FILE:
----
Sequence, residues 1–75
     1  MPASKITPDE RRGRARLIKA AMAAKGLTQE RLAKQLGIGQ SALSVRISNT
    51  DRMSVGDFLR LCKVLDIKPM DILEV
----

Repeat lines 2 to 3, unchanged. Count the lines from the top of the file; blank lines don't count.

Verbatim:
     1  MPASKITPDE RRGRARLIKA AMAAKGLTQE RLAKQLGIGQ SALSVRISNT
    51  DRMSVGDFLR LCKVLDIKPM DILEV